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Dazed And Confused: Futures Tumble Below 200 DMA, Oil Near $40, Soaring Treasurys Signal Deflationary Deluge

It is unclear what precipitated it (some blamed China concerns, fears of rate hikes, commodity weakness, technical picture deterioration although  it's all just goalseeking guesswork) but overnight S&P futures followed yesterday's unexpected slide following what were explicitly dovish Fed minutes, and took another sharp leg lower down by almost 20 points, set to open below the 200 DMA again, as the dazed and confused investing world reacts to what both the Treasury and Oil market signal is a deflationary deluge. Indeed, oil is about to trade under $40 while the 10Y Treasury was last seen trading at 2.07%. Incidentally, the last time oil was here in March of 2009, the Fed was about to unleash QE 1. This time, so called experts are debating if the Fed will hike rates in one month or three.

Not helping matters was China's national plunge protection team, after Chinese shares fell over 3% and the Shanghai Composite closed a mere eight points above its 200-day moving average. This happens the same day China’s central bank injected the most funds in open-market operations since February as intervention to prop up the yuan strained the supply of cash and drove a key money-market rate to a four-month high. Ironically the "targeted" liquidity injections actually dampened expectations of further monetary easing.

According to Bloomberg, the People’s Bank of China pumped a net 150 billion yuan ($23 billion) into the financial system this week, data compiled by Bloomberg show. That’s the most since before the Chinese New Year holiday, when seasonal demand for cash spikes. The authorities are providing another 170 billion yuan through loans and an auction of deposits. Yuan purchases risk driving borrowing costs higher at a time of slowing economic growth unless the monetary authority releases additional cash.

“Front-end rates have been edging up, likely resulting from tighter liquidity conditions amid intervention,” said Frances Cheung, head of Asia ex-Japan rates strategy at Societe Generale SA in Hong Kong. "The PBOC needs to step up its open-market operations to offset the liquidity withdrawal on the foreign-exchange side.”

And there again is another unintended consequence of central planning as the PBOC now scrambles to fight the consequences of its own actions.

Perhaps sensing that the micromanagement of markets is failing and central banks everywhere are rapidly losing control, Asian equity markets were a sea of red and traded in negative territory following the weak lead from Wall Street as the slump in the energy complex and concerns over China continues to weigh on global sentiment. Subsequently, energy names dragged the Nikkei 225 (-0.9%) and ASX 200 (-1.7%) lower amid the tumble in crude prices. Japan's Topix fell 1.5% and is now down 4.6% from the multi year high it achieved just eight trading days ago. The MSCI Emerging Market Index fell to its lowest close since October 2011.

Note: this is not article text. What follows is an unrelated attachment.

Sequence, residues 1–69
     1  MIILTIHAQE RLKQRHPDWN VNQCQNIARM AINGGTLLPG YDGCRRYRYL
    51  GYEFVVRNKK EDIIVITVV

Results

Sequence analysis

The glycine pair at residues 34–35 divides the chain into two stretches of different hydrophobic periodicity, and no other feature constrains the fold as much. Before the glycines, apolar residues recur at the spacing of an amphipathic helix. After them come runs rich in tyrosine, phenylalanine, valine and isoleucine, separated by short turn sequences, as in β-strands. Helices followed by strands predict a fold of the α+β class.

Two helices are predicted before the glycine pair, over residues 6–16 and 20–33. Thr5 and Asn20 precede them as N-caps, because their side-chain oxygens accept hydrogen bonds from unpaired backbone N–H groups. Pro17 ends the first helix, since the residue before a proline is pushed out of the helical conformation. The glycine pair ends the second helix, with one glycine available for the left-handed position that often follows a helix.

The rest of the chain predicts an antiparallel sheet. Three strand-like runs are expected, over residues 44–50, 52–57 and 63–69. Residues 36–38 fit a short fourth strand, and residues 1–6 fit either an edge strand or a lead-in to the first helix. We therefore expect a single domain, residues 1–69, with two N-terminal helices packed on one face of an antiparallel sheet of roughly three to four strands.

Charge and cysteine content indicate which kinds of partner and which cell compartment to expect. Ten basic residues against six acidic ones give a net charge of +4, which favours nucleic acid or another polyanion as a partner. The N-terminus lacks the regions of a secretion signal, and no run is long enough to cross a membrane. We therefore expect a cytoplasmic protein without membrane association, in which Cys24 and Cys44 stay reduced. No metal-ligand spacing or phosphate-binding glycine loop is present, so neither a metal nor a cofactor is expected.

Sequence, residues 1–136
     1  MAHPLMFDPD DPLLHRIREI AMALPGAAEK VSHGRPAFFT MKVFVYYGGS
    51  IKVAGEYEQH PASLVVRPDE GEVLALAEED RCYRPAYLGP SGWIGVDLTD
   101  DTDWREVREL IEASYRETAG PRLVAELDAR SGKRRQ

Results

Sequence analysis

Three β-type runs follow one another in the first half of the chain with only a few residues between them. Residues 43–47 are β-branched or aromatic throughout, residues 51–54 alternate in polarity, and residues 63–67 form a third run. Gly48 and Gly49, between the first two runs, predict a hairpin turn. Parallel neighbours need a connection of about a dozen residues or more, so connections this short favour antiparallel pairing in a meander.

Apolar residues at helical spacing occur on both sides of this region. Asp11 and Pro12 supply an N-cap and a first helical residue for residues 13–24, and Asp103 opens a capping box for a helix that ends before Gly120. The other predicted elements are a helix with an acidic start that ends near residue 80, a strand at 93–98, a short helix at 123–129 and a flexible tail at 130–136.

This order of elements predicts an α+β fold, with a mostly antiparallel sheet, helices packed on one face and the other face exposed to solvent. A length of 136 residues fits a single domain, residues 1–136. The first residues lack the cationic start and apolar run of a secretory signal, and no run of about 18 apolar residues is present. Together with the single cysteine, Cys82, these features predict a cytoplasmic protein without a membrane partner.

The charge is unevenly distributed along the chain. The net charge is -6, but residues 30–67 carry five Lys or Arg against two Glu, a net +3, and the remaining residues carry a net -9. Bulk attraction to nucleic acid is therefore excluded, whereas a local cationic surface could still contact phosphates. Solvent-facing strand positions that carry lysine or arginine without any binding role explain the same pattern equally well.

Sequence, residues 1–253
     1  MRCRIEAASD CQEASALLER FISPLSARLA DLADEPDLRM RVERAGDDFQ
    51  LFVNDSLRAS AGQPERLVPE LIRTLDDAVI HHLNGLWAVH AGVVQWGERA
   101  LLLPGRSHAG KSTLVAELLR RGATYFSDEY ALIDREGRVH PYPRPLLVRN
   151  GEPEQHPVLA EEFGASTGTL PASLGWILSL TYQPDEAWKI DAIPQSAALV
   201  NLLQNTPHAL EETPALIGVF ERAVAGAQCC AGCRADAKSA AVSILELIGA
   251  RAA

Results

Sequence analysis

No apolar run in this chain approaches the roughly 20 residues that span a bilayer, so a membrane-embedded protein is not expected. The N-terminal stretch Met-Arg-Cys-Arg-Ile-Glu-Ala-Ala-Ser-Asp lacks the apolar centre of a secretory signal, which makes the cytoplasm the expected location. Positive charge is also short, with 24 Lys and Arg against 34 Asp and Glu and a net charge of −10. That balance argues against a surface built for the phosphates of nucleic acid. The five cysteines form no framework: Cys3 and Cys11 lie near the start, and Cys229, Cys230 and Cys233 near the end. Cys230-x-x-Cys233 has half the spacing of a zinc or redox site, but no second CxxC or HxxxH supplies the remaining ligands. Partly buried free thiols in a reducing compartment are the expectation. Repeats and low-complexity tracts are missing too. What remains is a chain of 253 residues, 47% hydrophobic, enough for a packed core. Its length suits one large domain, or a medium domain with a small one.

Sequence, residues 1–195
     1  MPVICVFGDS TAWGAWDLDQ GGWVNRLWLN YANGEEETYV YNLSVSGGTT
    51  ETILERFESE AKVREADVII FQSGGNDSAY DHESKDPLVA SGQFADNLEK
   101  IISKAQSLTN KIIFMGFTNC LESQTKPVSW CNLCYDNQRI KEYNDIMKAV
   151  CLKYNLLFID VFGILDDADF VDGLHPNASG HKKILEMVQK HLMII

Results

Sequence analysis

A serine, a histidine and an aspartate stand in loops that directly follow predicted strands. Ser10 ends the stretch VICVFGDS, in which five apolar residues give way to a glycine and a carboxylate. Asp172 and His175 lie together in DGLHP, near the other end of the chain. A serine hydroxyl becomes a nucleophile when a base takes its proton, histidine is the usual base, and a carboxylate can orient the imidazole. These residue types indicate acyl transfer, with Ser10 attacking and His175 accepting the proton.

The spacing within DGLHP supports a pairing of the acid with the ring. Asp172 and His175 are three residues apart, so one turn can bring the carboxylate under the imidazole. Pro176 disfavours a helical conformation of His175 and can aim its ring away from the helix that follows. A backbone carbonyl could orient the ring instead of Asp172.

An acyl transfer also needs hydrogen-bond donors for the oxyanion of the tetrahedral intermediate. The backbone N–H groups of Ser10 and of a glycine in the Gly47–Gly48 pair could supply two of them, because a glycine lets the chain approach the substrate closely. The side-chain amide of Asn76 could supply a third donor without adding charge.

There was also speculation in Chinese press that China may set an average GDP target of 6.5% for the 2016-2020 period. Hang Seng (-1.7%) had seen technical selling as the index entered bear market territory having fallen 20% from its April peak and approaches a 'death cross' for the 1st time in a year with the 50 DMA in close proximity to breaching below the 200DMA. JGBs rose amid spill-over buying in USTs and weakness in Japanese equities.

Dovish interpretation of the FOMC minutes failed to lift investor sentiment , which instead remained depressed as market participants focused on the ever growing risks stemming from China. As a result, stocks in Europe (Euro Stoxx: -0.9%) traded lower since the get-go, with energy names underperforming on the sector breakdown amid the ongoing slump on energy and base metals. The downside price action in futures markets also saw the e-mini S&P break below the 200 DMA at 2064. High profile US earnings today include Salesorce.com, Gap and HP.

Also of note, a Greek Finance Ministry official has stated that Greece have repaid EUR 3.4bIn owed to the ECB after receiving EUR 13bIn in the first tranche of their ESM funding following the bailout approval, while Greek press suggests PM Tsipras is to meet with key advisers at 1400 local time (1200BST) and will then decide when to go for early elections after rumours in Greece that Tsipras could hold a snap election on September 13th or 20th.

In fixed income, weakness in equities has filtered through to strengthen core fixed income products with Bund Sep'15 futures higher by around 40 ticks heading into the North American crossover. As such the lower yields led to unfavourable rate flows, which together with less than impressive UK retail sales (Inc Auto Fuel (Jul) M/M 0.10% vs. Exp. 0.40%) weighed on GBP, which in turn has underperformed its major peer. This, together with the consequent re-pricing of Fed rate lift-off expectations following the FOMC minutes, saw EUR/USD trade firmer.

Moving to FX, the focus remained on commodity linked (AUD,CAD, etc) and EM currencies (TRY, KTZ, etc) which continued to come under pressure on the back of the ongoing rout in energy and base metals markets, with the price volatility rising following the recent CNY devaluation by the PBOC. On that note, the FT noted that the capital outflow from EM states stands at around USD 1trl over the past 13 months.

On that note, the ongoing reluctance by the Turkish central bank to counter the weakness in TRY, together with the ongoing political and geo-political concerns saw Turkish Lira (TRY) fall to its weakest level on record vs. USD to 2.9853. Also, the Kazakhstan Tenge (KZT) was the notable underperformer (lower by 28% vs. the USD) after the Kazakh central bank free floated its currency overnight.